A group of South Carolina researchers working on new treatments for a variety of illnesses ranging from diabetes to heart disease cheered the decision to grant five years of funding to a biomedical research center based at Clemson University. The National Institute of General Medical Sciences is providing $5.7 million to the South Carolina Bioengineering Center for Regeneration and Formation of Tissues. It’s the institute’s third round of competitive funding for the center, also called SCBioCRAFT.
Hugo Sanabria looks into the smallest places to find answers to life’s biggest questions. An associate professor doing research in biophysics, Sanabria joined Clemson’s physics and astronomy department in 2014 and went about designing and building a microscope that could zoom in to a single molecule and measure its movement in time and space.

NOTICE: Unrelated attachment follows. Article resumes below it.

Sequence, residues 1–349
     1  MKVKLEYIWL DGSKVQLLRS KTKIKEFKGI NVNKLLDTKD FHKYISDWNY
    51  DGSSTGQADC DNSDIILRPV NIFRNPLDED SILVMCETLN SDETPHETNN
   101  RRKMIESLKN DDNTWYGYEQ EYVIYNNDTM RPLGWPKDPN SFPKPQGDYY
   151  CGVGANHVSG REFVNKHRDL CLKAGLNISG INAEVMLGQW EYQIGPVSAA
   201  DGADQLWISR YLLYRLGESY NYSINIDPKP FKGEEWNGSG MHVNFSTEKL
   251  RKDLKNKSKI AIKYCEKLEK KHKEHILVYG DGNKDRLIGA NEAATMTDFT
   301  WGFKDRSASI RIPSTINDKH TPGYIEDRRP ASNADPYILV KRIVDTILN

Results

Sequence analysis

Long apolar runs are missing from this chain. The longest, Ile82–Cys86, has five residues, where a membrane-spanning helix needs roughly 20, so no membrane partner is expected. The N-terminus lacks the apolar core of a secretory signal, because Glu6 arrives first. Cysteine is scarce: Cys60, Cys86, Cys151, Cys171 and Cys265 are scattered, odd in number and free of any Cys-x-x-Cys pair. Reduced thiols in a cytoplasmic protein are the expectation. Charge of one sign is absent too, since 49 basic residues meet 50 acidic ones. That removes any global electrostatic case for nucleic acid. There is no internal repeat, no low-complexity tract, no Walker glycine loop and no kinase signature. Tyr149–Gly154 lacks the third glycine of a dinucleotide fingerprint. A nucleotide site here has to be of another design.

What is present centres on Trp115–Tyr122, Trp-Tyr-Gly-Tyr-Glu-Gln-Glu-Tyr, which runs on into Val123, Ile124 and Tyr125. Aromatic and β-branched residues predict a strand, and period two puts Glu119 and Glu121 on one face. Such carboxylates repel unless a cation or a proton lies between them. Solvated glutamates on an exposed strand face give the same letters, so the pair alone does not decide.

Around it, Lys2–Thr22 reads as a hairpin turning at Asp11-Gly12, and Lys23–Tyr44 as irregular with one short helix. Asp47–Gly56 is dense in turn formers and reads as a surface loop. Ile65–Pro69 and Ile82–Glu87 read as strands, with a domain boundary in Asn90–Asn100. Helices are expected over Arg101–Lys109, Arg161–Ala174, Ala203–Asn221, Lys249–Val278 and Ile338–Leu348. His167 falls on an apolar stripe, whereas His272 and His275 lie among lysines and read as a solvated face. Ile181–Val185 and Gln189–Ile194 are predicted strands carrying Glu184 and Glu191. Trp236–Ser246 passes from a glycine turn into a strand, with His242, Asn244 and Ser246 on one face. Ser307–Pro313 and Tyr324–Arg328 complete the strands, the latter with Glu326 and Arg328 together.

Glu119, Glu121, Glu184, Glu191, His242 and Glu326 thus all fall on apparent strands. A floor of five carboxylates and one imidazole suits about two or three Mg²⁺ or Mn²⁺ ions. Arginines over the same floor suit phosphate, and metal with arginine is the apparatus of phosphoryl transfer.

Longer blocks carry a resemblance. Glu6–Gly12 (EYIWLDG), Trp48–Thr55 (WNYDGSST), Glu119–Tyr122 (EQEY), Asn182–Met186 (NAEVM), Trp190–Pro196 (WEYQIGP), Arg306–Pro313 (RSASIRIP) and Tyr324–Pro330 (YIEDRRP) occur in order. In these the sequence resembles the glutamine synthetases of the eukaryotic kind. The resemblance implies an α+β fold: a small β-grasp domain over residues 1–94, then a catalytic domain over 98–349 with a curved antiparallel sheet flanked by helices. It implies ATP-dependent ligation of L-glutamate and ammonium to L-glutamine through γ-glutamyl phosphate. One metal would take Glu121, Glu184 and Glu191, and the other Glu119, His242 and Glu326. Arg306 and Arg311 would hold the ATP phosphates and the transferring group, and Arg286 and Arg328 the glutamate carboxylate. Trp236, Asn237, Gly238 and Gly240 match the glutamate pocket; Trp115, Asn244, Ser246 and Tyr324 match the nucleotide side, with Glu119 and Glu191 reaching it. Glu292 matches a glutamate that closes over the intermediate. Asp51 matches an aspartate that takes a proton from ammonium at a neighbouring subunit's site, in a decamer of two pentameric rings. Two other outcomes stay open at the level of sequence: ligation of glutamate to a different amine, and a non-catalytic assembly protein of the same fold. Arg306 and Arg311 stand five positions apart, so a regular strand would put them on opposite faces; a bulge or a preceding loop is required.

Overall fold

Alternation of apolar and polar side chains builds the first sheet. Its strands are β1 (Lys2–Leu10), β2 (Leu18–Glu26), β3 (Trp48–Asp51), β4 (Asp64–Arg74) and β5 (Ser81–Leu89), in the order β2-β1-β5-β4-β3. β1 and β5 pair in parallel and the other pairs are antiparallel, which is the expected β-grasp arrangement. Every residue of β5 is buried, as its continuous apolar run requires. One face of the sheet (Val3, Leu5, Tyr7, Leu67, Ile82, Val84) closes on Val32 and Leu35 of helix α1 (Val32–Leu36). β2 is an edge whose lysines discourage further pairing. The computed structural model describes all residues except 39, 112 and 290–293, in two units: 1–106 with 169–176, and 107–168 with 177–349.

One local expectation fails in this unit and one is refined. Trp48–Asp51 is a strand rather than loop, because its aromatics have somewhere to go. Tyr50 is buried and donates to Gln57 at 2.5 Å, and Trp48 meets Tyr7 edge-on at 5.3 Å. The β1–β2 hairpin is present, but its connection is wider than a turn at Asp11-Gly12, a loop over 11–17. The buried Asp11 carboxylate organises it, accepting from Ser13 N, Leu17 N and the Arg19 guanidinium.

With an $11 million grant from the National Institutes of Health Center for Biomedical Research Excellence, Clemson University has launched the South Carolina Center for Translational Research Improving Musculoskeletal Health, or SC-TRIMH, a new research center that will bring together scientists from across South Carolina to change the way musculoskeletal disorders are diagnosed, treated and even studied.
Clemson researchers Feng Ding and Weiguo Cao recently received a collaborative $1.8 million grant from the National Institutes of Health to attain a deeper understanding of the intricate inner workings of Type 2 diabetes.